It was a pretty lopsided fight. Against the Center Force’s four battleships (including the Yamato, which alone weighed as much as the entire American force), six heavy cruisers, twp light cruisers, and 11 destroyers, Taffy 3 could muster a measly six escort carriers, three destroyers, and four destroyer escorts.
Officially, the designation for the escort carriers, CVE, stood for Carrier, aViation, Escort. But their sailors called them “Combustible, Vulnerable, Expendable.” They weren’t even carrying armor-piercing bombs—they were supposed to be bombing Japanese troops on land, not facing off against the pride of the Imperial Japanese navy.
Taffy 3 put up a valiant fight, and aircraft from nearby Taffy 1 and Taffy 2 helped out. Tiny destroyers made suicide runs against battleships 30 times their size, and aircraft that had run out of ammunition made dry runs to force the Japanese ships to maneuver. One pilot even resorted to shooting his .38 caliber handgun out of his plane at the Japanese ships.
Taffy 3’s valiant fight was the stuff of legends, a desperate last stand that would go down in history. And those tiny carriers actually succeeded in sinking several of Kurita’s cruisers. But it wasn’t going to be enough. They could delay Kurita’s battleships, but they couldn’t sink them.
But just when all seemed lost, with the escort carriers fleeing before them and the invasion transports seemingly within reach, Kurita ordered the Japanese fleet to turn around and go home. The biggest, most powerful battleship ever built had been sent running by a few converted cargo ships. What happened?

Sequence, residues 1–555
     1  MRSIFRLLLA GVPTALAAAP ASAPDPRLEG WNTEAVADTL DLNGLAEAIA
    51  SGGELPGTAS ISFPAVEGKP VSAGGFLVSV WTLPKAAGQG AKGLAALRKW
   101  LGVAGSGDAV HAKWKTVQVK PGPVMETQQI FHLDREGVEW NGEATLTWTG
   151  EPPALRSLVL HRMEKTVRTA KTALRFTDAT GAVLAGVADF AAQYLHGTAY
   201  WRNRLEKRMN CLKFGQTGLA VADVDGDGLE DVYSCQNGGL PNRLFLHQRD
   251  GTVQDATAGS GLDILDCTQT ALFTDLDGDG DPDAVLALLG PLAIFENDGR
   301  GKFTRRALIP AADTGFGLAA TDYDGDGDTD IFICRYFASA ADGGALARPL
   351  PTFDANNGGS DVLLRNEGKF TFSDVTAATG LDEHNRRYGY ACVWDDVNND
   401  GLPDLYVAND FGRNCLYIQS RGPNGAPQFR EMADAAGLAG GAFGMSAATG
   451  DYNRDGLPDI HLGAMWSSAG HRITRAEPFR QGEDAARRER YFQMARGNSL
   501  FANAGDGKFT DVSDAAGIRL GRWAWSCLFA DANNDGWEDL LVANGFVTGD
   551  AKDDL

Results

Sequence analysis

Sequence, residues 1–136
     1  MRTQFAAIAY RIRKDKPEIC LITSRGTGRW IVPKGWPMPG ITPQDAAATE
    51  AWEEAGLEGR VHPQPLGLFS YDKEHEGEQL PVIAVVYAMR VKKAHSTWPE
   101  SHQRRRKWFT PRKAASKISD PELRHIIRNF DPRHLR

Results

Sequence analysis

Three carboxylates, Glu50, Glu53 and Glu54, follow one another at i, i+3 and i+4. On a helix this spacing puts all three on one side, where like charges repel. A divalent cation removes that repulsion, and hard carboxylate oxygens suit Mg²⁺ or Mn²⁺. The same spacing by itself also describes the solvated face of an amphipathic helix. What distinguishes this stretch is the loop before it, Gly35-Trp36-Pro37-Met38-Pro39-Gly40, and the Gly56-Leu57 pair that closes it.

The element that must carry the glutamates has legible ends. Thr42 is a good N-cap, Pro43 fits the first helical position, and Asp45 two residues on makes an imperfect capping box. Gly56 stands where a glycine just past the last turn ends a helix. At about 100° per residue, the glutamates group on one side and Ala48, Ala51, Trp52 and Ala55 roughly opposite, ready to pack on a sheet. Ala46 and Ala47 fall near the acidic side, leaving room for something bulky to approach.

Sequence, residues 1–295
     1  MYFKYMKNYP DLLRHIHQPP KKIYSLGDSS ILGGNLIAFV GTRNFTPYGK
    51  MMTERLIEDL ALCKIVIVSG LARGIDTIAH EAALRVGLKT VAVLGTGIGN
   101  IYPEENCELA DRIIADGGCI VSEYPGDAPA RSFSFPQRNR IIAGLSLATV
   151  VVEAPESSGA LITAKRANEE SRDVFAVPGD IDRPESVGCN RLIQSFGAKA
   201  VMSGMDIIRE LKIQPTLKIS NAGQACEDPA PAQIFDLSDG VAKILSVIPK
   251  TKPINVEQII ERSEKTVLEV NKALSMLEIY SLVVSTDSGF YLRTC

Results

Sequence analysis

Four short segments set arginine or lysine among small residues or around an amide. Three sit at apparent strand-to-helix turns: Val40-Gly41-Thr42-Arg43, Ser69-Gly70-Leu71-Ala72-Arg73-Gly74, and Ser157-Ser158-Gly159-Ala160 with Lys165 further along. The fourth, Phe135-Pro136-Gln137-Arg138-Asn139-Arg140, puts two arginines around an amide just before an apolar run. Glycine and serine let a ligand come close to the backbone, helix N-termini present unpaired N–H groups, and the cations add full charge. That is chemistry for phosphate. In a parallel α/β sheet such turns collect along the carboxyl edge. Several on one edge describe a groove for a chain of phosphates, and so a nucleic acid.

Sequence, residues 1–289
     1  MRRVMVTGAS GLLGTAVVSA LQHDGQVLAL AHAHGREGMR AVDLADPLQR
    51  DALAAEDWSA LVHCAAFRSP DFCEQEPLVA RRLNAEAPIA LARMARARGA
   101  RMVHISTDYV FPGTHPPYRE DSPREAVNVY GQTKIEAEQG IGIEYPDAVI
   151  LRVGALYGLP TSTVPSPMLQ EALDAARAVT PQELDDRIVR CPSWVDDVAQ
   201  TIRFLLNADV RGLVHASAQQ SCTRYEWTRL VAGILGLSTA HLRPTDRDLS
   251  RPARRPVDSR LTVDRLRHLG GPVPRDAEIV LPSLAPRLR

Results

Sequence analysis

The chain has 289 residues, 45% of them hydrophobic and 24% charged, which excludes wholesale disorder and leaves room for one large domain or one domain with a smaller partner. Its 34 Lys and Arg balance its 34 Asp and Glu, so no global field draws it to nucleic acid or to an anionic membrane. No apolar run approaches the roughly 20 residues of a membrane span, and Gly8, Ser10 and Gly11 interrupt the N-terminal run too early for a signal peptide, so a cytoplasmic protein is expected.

After the battle was over, Kurita gave conflicting explanations for why he turned back. But the one he would return to was that, in the heat of the battle, he believed that he had run into Halsey’s main force of carriers, and had he not turned back he would have been destroyed by air attack and Halsey’s battleships.
Historians have spent decades debating how this could have happened. How could Kurita have mistaken the small, slow escort carriers of Taffy 3 for Halsey’s fleet carriers, three times their size?
It’s likely there were many factors, including exhaustion and the stress of having to swim for his life when his flagship was sunk. But in recent years, as Norman Friedman discusses in his book Network Centric Warfare: How Navies Learned to Fight Smarter Through Three World Wars—some historians have suggested another cause. And this is where we come back to the plotting table.
Admiral Kurita fought most of the battle of Leyte Gulf from the battleship Yamato, which he had transferred to after losing his flagship, the cruiser Atago. The cruiser sank so fast that Kurita had to swim for his life, and he suffered two critical losses.
The first was his plotting tables. He lost both his strategic and tactical plots. While the tactical plot could be reconstituted at some level when he transferred to the Yamato, the critical information contained in the strategic plot—the positions of the multiple American fleets relative to his own—was lost.
The other, perhaps more critical loss, was that many of his staff died aboard the Atago. And remember, the admiral’s staff was what updated ships’ positions, calculated speeds and courses, and generally served as the computing power that maintained the situational awareness the admiral depended on for decision-making. This meant that, even had the information been available to build up a better picture, he wouldn’t have been able to take advantage of it. There simply wasn’t enough processing power to fight on.